I read this article, “Hideous query email sparks 6 tips for PR job-seekers,” from the PR Daily News emails (that I receive from Ragan Communications) about students who are a bit careless and don’t take seriously their efforts to reach out into the community for work and experience. They apparently don’t understand that how they present themselves–either in physical form by their dress and manners or in written form by a “letter” (like the one that will be exemplified below)– is a reflection (whether a true one or not) of their name, their rep and their potential (to the eyes of the hirer, employer or future boss) as a worker.
Now, personally I have always been a grammar geek, and with good teaching and being a stickler for details, I have generally had good skills for spelling, punctuation, and proper wording.
Not that I have never made an error, because I have. Almost everyone I think is guilty of some (most likely, pathetic) oversight. And usually it’s always with the silly, stupid mistakes–the ones that would’ve been caught and fixed with a little more attention to detail or maybe even by the eye of a peer, had they asked one.
Below is this “letter”–if you can call it that–by an “anonymous” student that was featured in the above mentioned article plus tips from author Gil Rudawsky on how to avoid having an application or request letter that looks anything like this one.
I copied it because I thought the way he worded it was perfect– I didn’t want to paraphrase, change or minimize his mini lessons in any way.
Here’s the letter, with some details excised to protect the applicant. All misspellings and missing words are preserved:
I am a student from XXX State University I plan on graduating this spring and was very interested in applying at your firm. My major is public but I have had experience in advertisement, campaign management, and social media. I will of course sent you a portfolio and resume upon my graduation I just find it appropriate to contact you early. I extremely respect your business and I feel I have the ability to add to your already sterling reputation.
Sent from my iPhone
OK, now let’s look at the letter a little closer. It prompts real-world tips on what job applicants should do.
It’s clear from the first line that the applicant didn’t target our firm. It’s a form letter that was likely sent hundreds of times. He made no attempt to personalize the letter.
Tip: Form letters never work. Targeted pitches do.
In the second line, the applicant says his major is “public.” Public what? I assume it’s public relations, but it could be public policy or public finance. And he has experience in “advertisement.” Did he mean to say advertising?
Tip: Proofread your cover letter; then have a friend review it. It’s exceedingly easy for a potential employer to delete a cover letter if there’s a mistake.
Near the middle of line 3, the applicant says he has experience in social media. At this point, who doesn’t have experience with social media?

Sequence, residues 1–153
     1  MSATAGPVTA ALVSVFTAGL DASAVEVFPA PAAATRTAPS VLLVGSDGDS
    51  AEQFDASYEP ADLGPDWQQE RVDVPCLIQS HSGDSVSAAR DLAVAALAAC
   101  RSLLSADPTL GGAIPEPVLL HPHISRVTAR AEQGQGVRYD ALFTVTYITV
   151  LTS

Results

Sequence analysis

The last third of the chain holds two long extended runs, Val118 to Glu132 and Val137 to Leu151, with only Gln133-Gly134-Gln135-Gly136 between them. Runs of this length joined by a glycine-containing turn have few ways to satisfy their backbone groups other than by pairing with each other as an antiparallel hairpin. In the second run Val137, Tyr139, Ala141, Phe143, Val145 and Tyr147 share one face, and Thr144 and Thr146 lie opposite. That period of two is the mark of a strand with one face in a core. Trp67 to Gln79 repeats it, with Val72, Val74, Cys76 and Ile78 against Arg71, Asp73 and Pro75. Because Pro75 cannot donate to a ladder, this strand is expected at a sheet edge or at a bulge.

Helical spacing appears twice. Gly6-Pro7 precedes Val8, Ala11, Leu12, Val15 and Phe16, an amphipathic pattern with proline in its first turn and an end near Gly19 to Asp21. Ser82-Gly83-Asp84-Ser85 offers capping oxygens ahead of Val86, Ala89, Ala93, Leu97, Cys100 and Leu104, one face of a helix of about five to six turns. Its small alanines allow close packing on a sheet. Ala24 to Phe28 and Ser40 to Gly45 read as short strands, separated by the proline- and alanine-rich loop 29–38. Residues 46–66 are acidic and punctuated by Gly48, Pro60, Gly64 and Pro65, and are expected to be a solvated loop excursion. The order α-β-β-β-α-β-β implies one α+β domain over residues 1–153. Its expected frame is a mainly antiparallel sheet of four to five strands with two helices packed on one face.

Tip: Offer an assessment of your skills, but make them stand out. Instead of saying you have social media experience, say what makes you different from the 500 million other people on Facebook who can also say they have social media experience.
In the fourth line, I’m just going to assume that there is supposed to be another period somewhere here, along with the start of a new sentence. This applicant again shows that he blindly sent out the letter, as we make it clear that we do not hire, nor have we ever hired, anyone right out of school. This letter affirms the wisdom of that policy.
Tip: Research a company before applying; this will save everyone time. There’s a reason why some companies hire candidates with five or ten years of experience.
The final sentence: If this applicant did respect our business, he would have spent five minutes proofing his letter, finding out who we are and what we’re looking for. A mistake-laden letter just shows a lack of respect.
Tip: If you are going to offer hyperbole about a company, back it up. You have a “sterling reputation” because …
The ultimate insult of the letter is that it was sent from his iPhone. That’s got to be a first. Maybe he thought that it was cool to send the letter from his iPhone because it shows his tech savvy. It’s not a good move; it shows laziness. I bet he sent it from his classroom, having found our address minutes earlier.
Tip: Here’s a new one: Don’t send a cover letter from your phone. Guess we had to state the obvious.
(Isa’s Note: Bold points are from me not original author.)
Can you imagine getting this from a student who is applying for the PR position at your company? Even if he may have had all the right qualifications, because of his carelessness, he would be thrown out of the selection pile before even being possibly considered for the position. Especially for PR job: a business cannot hire him as their representation and face of the company if he does not care about such details as his own application letter.
so lets all lurn and realize: if you want 2 show yourself as practiced n profficient, short cuts r nevr a good option for any1, especially in thi situation! It important to chek how ur presentin yurself and make sure that your’e alwayz be professional. A student who truly cares will take the x-tra time to proof-reed there final draft. They may be even get it peer reviewed for a 2nd opinion and 4 heven’s sake: they’ll certinly use spell check!
It could be the different between the ‘yes’ you want and the ‘no’ you dred.*
(*Note:* *In case, you didn’t know… that last part: yeah, that was on purpose. I
now…know how to0…to spell…duh.)